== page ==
Although the potential for dissemination and implementation of the findings from the proposed study are high based on the previously noted factors, it is not without potential barriers. According the World Health Organization (WHO), barriers to conducting SBI include a lack of knowledge and skills, lack of time, lack of financial benefits, lack of professional benefits, lack of diagnostic support, and the overarching organization of the health care system . The proposed study will consider strategies that have been outlined previously [101–103] in order to overcome barriers and effectively implement the proposed BMI within the trauma department. Based on prior experience, our team recognizes that even highly invested trauma centers must overcome fiscal and human resource barriers to meeting the unfunded mandate of a Level I Trauma Center set by the Committee on Trauma . However, we remain confident that through the engagement of key stakeholders including patients, providers and community these barriers can be overcome and CA-BMI will become an evidence-based best practice in trauma centers and emergency departments.
There exists an unmet need for the treatment of heavy alcohol use, and alcohol-related problems among men of Mexican origin. This paper proposes the first comparative effectiveness study regarding the cultural adaptation of a BMI compared to a NA-BMI in the medical setting among heavy drinking men of Mexican origin. The successful adaptation and implementation of this CA-BMI may contribute to reducing the public health burden of heavy alcohol use in the United States.
Funding for this study was provided by Patient Centered Outcomes Research Institute (PCORI) Grant No. 1306–03852. PCORI had no role in the study design, writing of the manuscript, or the decision to submit the paper for publication.
- U.S. Department of Health and Human Services. Substance Abuse and Mental Health Services Administration. Results from the 2009 National Survey on Drug Use and Health: Volume I. Summary of National Findings (Office of Applied Studies, NSDUH Series H-38A, HHS Publication No. SMA 10-4856 Findings). Rockville, MD; 2010.Google Scholar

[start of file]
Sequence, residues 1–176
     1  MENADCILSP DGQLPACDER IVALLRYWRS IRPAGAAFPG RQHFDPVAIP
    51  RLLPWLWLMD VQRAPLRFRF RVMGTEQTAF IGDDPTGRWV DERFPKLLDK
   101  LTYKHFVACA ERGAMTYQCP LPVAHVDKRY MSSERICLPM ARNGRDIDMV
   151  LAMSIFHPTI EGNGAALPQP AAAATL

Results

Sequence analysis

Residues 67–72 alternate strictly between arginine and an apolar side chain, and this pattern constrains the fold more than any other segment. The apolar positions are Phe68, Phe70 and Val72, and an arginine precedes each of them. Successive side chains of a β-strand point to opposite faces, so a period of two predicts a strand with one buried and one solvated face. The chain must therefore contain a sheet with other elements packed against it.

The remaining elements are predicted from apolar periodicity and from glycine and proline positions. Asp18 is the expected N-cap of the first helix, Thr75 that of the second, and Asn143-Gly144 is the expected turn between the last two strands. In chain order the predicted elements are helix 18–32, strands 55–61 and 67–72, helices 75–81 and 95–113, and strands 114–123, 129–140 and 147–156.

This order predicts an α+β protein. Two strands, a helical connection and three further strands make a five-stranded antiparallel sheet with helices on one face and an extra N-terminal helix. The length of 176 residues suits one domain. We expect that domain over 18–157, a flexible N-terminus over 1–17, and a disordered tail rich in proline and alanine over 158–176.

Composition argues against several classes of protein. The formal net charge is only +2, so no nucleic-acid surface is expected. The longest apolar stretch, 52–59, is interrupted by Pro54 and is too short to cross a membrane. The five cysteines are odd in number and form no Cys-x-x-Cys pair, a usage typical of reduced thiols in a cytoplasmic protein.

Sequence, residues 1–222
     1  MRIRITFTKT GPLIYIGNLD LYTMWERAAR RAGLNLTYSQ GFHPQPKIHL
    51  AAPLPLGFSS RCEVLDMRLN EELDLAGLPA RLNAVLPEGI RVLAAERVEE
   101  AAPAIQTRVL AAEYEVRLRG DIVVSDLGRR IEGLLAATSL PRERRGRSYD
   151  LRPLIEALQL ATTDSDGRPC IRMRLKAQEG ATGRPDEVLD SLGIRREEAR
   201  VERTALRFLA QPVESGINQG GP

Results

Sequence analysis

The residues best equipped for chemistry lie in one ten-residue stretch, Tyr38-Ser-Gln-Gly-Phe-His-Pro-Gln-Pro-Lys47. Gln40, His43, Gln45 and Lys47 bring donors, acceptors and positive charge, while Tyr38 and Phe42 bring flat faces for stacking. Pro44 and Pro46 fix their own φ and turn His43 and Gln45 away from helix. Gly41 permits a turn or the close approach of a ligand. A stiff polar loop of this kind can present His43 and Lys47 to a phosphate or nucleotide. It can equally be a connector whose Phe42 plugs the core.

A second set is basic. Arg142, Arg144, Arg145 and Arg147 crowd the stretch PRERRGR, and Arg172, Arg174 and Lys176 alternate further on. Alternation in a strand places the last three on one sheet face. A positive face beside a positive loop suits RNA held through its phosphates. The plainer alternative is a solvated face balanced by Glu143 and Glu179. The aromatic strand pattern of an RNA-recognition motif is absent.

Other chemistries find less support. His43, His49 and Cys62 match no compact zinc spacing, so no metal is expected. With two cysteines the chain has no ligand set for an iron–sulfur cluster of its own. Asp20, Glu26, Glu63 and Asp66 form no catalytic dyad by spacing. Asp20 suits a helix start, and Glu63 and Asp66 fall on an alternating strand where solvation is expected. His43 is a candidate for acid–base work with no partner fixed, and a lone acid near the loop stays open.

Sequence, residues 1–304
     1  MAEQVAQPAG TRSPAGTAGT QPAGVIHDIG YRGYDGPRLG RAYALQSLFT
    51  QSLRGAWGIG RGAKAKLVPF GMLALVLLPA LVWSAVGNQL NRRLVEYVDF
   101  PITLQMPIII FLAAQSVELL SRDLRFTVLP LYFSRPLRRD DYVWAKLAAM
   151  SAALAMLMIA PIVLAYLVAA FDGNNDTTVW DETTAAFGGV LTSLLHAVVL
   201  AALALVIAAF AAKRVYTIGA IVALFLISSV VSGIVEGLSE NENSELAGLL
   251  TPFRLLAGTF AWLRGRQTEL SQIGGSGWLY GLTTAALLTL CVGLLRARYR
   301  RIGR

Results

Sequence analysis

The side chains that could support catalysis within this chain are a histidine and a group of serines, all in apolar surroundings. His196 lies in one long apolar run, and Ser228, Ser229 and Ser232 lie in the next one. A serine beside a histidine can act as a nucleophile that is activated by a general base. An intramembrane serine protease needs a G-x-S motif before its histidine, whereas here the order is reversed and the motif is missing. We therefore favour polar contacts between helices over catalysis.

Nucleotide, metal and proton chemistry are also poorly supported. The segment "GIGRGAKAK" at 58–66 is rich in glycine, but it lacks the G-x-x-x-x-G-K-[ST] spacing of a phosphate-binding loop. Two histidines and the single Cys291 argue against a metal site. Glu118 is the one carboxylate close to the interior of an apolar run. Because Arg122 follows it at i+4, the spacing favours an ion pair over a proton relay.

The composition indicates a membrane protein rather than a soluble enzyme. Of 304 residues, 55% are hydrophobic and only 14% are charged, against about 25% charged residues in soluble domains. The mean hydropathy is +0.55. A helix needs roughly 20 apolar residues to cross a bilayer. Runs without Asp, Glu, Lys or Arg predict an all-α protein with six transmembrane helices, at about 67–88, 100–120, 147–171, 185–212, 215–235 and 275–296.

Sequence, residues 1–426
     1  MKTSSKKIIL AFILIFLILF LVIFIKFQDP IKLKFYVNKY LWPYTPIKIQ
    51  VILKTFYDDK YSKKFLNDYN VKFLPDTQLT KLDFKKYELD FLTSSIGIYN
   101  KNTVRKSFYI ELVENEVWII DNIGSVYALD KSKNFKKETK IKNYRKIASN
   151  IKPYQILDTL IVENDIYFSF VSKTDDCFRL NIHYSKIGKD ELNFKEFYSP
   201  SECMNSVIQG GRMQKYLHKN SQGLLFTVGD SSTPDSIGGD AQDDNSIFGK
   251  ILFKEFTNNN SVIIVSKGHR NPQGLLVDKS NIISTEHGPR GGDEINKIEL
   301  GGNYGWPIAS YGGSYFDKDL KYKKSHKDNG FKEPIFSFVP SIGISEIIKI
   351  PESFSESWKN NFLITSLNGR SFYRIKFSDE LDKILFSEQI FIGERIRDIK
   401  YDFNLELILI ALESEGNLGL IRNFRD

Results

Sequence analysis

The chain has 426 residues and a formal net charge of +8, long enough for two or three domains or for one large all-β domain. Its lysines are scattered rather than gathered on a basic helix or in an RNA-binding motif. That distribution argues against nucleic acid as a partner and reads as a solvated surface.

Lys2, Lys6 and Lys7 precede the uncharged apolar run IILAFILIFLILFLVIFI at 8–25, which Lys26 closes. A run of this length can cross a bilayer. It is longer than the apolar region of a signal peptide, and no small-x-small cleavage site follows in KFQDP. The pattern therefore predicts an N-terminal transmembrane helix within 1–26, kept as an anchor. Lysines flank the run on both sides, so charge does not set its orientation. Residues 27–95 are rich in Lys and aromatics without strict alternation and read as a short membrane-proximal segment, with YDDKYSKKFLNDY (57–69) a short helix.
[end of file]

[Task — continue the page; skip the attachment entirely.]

- Caetano R, Clark C. Hispanics, Blacks and Whites driving under the influence of alcohol: results from the 1995 National Alcohol Survey. Accident Anal Prev. 2000;32(1):57–64.View ArticleGoogle Scholar
- Caetano R, Clark CL, Tam T. Alcohol consumption among racial/ethnic minorities. Alcohol Health Res W. 1998;22(4):233–8.Google Scholar
- Grant B, Dawson D, Stinson F, Chou S, Dufour M, Pickering R. The 12-month prevalence and trends in DSM-IV alcohol abuse and dependence: United States, 1991–1992 and 2001–2002. Drug Alcohol Depend. 2004;74(3):223–34.View ArticlePubMedGoogle Scholar
- Mulia N, Ye Y, Greenfield T, Zemore S. Disparities in Alcohol-Related Problems Among White, Black, and Hispanic Americans. Alcoholism Clin Exp Res. 2009;33(4):654–62.View ArticleGoogle Scholar
- Caetano R, Ramisetty-Mikler S, Floyd L, McGrath C. The Epidemiology of Drinking Among Women of Child-Bearing Age. Alcoholism Clin Exp Res. 2006;30(6):1023–30.View ArticleGoogle Scholar
- Caetano R, Ramisetty-Mikler S, Rodriguez L. The Hispanic Americans Baseline Alcohol Survey (HABLAS): Rates and predictors of DUI across Hispanic national groups. Accident Anal Prev. 2008;40(2):733–41.View ArticleGoogle Scholar
- Caetano R, Ramisetty-Mikler S, Caetano Vaeth P, Harris T. Acculturation Stress, Drinking, and Intimate Partner Violence Among Hispanic Couples in the U.S. J Interpers Violence. 2007;22(11):1431–47.View ArticlePubMedGoogle Scholar
- Chartier K, Caetano R. Ethnicity and health disparities in alcohol research. Alcohol Res Health. 2010;33:152–60.PubMedPubMed CentralGoogle Scholar
- Collins L, McNair L. Minority women and alcohol use. Alcohol Res Health. 2002;26:251–6.PubMedGoogle Scholar
- Caetano R, Ramisetty-Mikler S, Rodriguez L. The Hispanic Americans Baseline Alcohol Survey (HABLAS): DUI Rates, Birthplace, and Acculturation Across Hispanic National Groups. J Stud Alcohol Drugs. 2008;69(2):259–65.View ArticlePubMedPubMed CentralGoogle Scholar
- Caetano R, Vaeth PA, Rodriguez LA. The Hispanic Americans Baseline Alcohol Survey (HABLAS): Acculturation, birthplace and alcohol-related social problems across Hispanic National groups. Hisp J Behav Sci. 2012;34:95–117.View ArticleGoogle Scholar
- Rosenbaum S, Hirsh H, Hirsh J. Racial and ethnic disparities in health care: issues in the design, structure and administration of federal healthcare financing programs supported through direct public funding. In: Smedley B, Stith NA, editors. Unequal Treatment: Confronting Racial and Ethnic Disparities in Health Care. Institute of Medicine. Washington, DC: National Academy Press; 2002. p. 415–43.Google Scholar
- Schmidt L, Greenfield T, Mulia N. Unequal treatment: racial and ethnic disparities in alcoholism treatment services. Alcohol Res Health. 2006;29:49–54.PubMedGoogle Scholar
- Schmidt L, Ye Y, Greenfield T, Bond J. Ethnic Disparities in Clinical Severity and Services for Alcohol Problems: Results from the National Alcohol Survey. Alcoholism Clin Exp Res. 2007;31(1):48–56.View ArticleGoogle Scholar
- Miller W, Rollnick S. Motivational Interviewing: Helping people change. New York, NY: Guilford Press; 2013.Google Scholar
- Field C, Hungerford DW, Dunn C. Brief motivational interventions: an introduction. J Trauma. 2005;59:s21–s6.View ArticlePubMedGoogle Scholar
- Dunn C, Hungerford D, Field C, McCann B. The Stages of Change: When are Trauma Patients Truly Ready to Change? J Trauma. 2005;59(Supplement):S27–32.View ArticlePubMedGoogle Scholar
- London J, Dunn C, Utter G. Alcohol-Related Brief Interventions as a Criterion for American College of Surgeons Level I Trauma Center Verification: How Best to Train the Interventionists? J Trauma. 2011;70(4):931–8.View ArticlePubMedGoogle Scholar